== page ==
General Question

peedub's avatar

Vitamin B12 injections?

Asked by peedub (8682points) April 23rd, 2008

Do they really boost one’s energy?
I’ve read some articles, but don’t know anyone who’s tried them.

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11 Answers

gailcalled's avatar

My experience, with my mother in her 90s, that it is applicable for some older people. I don’t know anything about trying them if you are young.

I do take a daily Vit. B comlex, on med. advice, which is supposed to pep one up.

nikipedia's avatar

I’ve never heard that, but I bet it depends a lot on your diet. When I stopped eating meat I got really anemic and fatigued and as soon as I started taking a B complex vitamin I felt much, much better. If I forget it for a few days I start getting crappy again. So I’m guessing if your levels are already normal it would have a pretty minimal effect.

I tried my usual google scholar search and only came up with some articles about bond energies and membrane traffic. It would be a pretty big stretch to try to infer anything useful about diet from those.

wildflower's avatar

Haven’t tried them but apparently they can work. My dad got them from his doc when he stopped drinking (and was somewhat under nurished). Apparently it increases your energy and apetite.

soundedfury's avatar

It shouldn’t really do anything unless you’re suffering from a deficiency. The body can only store a set amount of B12, so if you were getting enough B12 to begin with and then got an injection, it would simply pass through into your urine.

However, if you were suffering from a B12 deficiency, it would certainly boost your energy. B12 deficiency results in lethargy and fatigue, among other things.

gailcalled's avatar

@Sound: “B12 deficiency results in lethargy and fatigue, among other things.” Those are among the many symptoms of aging, of course, and can be caused by Senile Dementia, general malnourishment, onset of Alzheimer’s and just-plain getting old.

Docs. who deal w. gerontological issues are usually the ones who deal with this issue.

soundedfury's avatar

@gail – They are also the symptoms of many other, non-aging related illnesses as well. I wasn’t suggesting that if someone is tired and lethargic that they have a B12 deficiency, I was merely giving a plausible reason for B12 to cause someone to be more energetic.

gailcalled's avatar

@Sound; My 93 yr old mother is lethargic and fatigued, but her Doctor said that she was well past any benefits that the shot could provide. So my experience has been with the elderly crowd only.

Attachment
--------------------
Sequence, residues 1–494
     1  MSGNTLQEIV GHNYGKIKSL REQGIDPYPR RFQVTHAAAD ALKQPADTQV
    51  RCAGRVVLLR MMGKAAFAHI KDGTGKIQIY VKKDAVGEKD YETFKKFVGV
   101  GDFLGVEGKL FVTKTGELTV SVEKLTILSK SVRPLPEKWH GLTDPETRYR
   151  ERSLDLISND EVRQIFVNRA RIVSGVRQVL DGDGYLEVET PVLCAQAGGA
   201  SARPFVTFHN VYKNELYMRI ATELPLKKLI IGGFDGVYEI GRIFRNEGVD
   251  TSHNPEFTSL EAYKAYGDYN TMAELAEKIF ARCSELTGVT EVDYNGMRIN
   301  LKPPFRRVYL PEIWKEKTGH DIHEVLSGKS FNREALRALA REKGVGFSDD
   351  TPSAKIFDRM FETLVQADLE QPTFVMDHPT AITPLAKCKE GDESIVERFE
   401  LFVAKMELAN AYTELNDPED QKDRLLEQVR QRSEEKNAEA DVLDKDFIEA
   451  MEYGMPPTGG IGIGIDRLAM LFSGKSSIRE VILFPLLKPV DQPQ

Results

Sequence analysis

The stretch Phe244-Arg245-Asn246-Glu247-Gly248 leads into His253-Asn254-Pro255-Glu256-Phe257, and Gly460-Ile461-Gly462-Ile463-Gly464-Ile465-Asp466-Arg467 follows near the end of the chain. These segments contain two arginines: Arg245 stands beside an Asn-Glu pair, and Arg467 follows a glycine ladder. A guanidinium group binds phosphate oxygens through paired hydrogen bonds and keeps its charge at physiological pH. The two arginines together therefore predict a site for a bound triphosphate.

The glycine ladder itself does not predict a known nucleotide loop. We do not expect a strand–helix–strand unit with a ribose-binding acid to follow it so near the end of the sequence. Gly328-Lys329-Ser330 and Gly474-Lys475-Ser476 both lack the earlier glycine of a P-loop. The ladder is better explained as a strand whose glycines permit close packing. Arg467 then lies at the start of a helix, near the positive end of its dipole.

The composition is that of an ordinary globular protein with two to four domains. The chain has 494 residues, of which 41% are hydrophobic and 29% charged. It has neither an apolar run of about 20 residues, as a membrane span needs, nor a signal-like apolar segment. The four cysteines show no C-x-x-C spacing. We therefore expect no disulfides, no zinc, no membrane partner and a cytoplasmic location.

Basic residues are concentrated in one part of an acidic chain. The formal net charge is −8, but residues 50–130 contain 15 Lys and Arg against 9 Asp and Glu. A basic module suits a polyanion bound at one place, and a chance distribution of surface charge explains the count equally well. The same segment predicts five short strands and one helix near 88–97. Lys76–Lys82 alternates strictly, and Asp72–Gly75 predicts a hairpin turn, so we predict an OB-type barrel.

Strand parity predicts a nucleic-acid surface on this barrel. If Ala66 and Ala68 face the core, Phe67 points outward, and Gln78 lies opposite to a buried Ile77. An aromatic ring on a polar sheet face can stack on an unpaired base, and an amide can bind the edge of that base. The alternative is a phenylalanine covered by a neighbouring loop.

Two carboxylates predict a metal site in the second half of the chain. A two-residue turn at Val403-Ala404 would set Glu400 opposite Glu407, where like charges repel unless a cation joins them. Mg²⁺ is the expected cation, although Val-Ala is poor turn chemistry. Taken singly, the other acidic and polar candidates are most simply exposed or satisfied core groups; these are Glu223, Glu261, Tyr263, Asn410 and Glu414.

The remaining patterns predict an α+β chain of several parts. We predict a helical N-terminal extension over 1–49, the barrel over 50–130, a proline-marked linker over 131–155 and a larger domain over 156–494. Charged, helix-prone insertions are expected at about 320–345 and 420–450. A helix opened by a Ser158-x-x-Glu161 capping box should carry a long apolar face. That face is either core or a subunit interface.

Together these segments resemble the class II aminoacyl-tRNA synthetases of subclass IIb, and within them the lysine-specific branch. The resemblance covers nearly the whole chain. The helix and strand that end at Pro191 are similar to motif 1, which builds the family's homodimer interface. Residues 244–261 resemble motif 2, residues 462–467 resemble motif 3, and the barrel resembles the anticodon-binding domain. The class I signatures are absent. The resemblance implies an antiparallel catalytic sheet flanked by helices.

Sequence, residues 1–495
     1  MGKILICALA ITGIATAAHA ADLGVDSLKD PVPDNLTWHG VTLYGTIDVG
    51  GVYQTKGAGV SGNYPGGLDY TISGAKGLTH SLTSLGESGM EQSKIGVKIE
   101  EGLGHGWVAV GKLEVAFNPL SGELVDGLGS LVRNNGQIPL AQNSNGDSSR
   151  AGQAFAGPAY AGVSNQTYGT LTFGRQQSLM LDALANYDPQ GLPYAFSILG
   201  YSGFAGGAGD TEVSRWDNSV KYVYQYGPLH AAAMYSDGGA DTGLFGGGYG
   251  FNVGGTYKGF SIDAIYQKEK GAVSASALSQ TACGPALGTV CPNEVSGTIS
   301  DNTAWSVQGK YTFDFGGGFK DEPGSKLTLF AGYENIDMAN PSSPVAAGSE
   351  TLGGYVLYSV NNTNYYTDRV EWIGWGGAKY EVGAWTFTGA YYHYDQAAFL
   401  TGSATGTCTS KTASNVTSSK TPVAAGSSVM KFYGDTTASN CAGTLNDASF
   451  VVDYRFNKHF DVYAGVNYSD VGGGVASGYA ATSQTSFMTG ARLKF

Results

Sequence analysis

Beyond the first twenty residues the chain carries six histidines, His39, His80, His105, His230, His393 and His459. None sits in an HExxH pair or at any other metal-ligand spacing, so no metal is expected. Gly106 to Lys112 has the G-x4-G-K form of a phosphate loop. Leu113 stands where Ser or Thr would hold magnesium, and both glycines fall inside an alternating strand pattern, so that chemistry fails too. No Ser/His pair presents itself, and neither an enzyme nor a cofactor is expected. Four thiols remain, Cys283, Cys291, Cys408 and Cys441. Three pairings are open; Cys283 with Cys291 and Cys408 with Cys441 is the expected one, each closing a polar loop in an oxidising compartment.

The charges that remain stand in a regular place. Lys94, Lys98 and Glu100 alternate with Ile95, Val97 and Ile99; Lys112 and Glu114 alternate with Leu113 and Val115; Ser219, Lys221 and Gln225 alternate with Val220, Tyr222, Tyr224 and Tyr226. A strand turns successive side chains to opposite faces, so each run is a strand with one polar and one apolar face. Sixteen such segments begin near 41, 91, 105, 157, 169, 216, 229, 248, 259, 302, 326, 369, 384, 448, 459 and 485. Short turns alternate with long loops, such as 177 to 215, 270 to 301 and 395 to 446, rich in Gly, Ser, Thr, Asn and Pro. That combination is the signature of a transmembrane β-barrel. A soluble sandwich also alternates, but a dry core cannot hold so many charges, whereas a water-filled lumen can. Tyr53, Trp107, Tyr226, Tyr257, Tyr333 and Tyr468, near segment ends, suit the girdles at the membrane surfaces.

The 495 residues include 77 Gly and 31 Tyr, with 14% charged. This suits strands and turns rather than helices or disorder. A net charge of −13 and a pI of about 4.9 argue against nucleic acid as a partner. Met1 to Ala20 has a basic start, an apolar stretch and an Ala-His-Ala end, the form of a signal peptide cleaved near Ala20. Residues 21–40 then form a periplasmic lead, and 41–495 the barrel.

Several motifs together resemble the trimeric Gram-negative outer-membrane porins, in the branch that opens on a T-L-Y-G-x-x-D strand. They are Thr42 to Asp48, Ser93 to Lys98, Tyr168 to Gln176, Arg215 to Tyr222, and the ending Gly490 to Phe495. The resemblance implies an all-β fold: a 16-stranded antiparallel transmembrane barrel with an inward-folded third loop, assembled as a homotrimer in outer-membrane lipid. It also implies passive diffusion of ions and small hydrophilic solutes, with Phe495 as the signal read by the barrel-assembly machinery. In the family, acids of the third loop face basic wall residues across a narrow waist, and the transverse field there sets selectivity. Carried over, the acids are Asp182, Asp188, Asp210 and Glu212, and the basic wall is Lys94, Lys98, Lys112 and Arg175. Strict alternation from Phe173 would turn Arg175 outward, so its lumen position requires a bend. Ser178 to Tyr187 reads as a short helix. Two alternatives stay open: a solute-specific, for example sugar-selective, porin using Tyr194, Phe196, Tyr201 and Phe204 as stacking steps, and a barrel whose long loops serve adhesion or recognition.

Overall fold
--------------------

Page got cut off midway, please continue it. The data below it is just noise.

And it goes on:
Are B12 shots common for younger people? I had a case of the droops last year and my doc. simply suggested the B complex supplement. But I had found several lyme ticks embedded and have had some vague fibromyalgia, insomnia, chronic fatigue symptoms….so we were throwing darts…

soundedfury's avatar

No, it’s not common, and generally only used for those who have had an extended deficiency – and then only for a limited time.

gooch's avatar

older people get the injections because the oral version is less absorbed by their aging digestive system. The injections are more easily absorbed. Younger people can absorb the vitamin easily through oral supplements so there is no need to take the more expensive injection.

shilolo's avatar

In general, B12 shots do NOT have any benefits, as has been stated above. Except for the rare circumstances where someone has a documented B12 deficiency (such as due to pernicious anemia, malabsorption or D. latum infection), the best one can hope for is a placebo effect from these shots. Since they are essentially harmless, many doctors acquiesce when these shots are “requested”, although in truth there are few sound medical reasons for providing a B12 shot (unless your name is Rafael Palmeira…).

LunaFemme's avatar

I’ve done the B-complex shot before & found it beneficial. My doctor told me I wasn’t deficient so it shouldn’t make a difference but was willing to give it to me if I found it helpful. So, I don’t know if it was a placebo affect or not but don’t really care. I’m all for feeling good.

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